Last week, I wrote about why I (generally) assign effort based workouts.
Notice what I did? I hedged because there are definitely cases when I do assign workouts based on pace. These are infrequent but they do happen.
When do I assign these workouts?
There are primarily two times I will assign pace based workouts.
Goal pace workouts
Let’s suppose you’re trying to qualify for Boston. As much as you want to have a flexible goal to account for the weather or other uncontrollable factors, there is a hard number you have to hit to qualify.
As your goal race is nearing, you need to practice running that pace.
Goal pace workouts are critical in learning to feel the rhythm and mechanics that you will need if you are targeting a specific time.
As you’re doing these workouts, it’s important to simulate race day as much as you can. Try running at a similar time of day. Try matching your fueling strategy if you’re running a race long enough to require one. Wear similar shoes and gear to what you’re going to wear on race day. Try to run a route that is similar to the course you will be racing on.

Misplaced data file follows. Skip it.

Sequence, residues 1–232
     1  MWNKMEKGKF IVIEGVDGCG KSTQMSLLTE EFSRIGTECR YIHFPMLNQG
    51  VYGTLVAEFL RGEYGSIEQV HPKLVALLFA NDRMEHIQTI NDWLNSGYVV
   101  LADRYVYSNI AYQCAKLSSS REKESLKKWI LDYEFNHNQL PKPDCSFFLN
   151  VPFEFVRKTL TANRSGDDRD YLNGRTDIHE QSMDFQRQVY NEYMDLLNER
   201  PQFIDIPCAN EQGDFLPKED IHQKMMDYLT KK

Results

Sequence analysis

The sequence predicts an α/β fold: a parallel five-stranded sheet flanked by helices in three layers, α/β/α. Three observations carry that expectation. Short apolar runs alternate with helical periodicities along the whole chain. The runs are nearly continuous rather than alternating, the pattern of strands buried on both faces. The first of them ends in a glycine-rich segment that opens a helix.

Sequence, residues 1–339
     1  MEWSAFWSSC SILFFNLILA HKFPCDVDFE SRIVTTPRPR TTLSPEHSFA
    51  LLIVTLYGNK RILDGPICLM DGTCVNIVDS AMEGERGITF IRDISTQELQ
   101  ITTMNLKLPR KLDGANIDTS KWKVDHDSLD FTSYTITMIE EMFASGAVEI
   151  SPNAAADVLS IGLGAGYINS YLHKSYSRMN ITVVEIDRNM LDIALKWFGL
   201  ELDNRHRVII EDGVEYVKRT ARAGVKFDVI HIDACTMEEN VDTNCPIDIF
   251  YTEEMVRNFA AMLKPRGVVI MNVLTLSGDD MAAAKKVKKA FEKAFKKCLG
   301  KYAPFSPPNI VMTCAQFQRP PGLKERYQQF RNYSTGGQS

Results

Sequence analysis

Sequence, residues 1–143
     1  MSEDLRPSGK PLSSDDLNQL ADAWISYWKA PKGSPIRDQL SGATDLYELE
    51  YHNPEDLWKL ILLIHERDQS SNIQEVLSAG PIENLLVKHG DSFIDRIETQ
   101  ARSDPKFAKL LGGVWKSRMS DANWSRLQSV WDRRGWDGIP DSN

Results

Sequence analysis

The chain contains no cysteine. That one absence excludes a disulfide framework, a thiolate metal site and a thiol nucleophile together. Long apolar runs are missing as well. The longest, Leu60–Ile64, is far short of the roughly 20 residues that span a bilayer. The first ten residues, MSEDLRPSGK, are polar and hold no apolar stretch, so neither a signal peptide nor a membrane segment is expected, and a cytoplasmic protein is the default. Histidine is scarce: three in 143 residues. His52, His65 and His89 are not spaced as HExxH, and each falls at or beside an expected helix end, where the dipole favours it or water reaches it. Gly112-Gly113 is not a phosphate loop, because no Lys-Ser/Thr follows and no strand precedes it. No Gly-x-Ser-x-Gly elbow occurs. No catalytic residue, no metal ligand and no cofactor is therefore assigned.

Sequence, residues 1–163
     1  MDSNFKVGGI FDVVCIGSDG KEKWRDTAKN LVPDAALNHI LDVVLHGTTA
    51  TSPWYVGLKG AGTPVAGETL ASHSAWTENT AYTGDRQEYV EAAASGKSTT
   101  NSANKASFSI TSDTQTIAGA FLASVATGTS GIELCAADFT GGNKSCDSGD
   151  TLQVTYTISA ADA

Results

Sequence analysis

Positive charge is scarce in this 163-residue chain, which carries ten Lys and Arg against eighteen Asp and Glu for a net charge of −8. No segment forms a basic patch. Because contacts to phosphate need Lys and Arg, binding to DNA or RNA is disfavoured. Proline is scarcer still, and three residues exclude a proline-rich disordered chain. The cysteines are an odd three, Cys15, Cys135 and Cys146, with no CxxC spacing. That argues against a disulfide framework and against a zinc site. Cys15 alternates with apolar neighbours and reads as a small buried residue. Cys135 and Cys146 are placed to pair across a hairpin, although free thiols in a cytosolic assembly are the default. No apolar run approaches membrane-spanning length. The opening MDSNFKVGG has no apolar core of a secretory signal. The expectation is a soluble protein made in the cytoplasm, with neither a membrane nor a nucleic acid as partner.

You don’t need many of these workouts but it’s good to get at least a few in over the final 1-2 months.
When a runner is stuck in one gear
There are runners out there whose 10K/half marathon/marathon PRs are roughly along the lines of 56:00/2:00/4:00 or some similar combination. Essentially, they settle into a pace and that’s the pace they hold regardless of distance they are running.
To these people, what’s the difference between 10K effort, half marathon effort, or marathon effort? There is no difference.
That makes it hard to assign effort based workouts. They will end up running the same pace for the workout no matter what effort is assigned. Also, this is usually the pace they train at every day so you aren’t even getting any distinction between workout days and easy or long run days.
In this case, until the runner can reset their race paces and feel the different efforts, I’ll assign paces. Sometimes, it will be very specific (8:45 pace). Other times, it will be more vague (speed up by 15-20 seconds per mile) but the result is the same. They get out of the rut and change up their paces. Then, after a while, we can try some races and see if we can get a distinction between paces/efforts at different distances.
It’s important to note that, in this situation, I want the pace based workouts to be temporary. I want to see the runner transition to running at different efforts/paces at different distances and to be able to feel those efforts in training. How long that transition takes may vary but I do want to see it happen.
So don’t be afraid of running pace based workouts. Just know when they make sense and have a reason for them.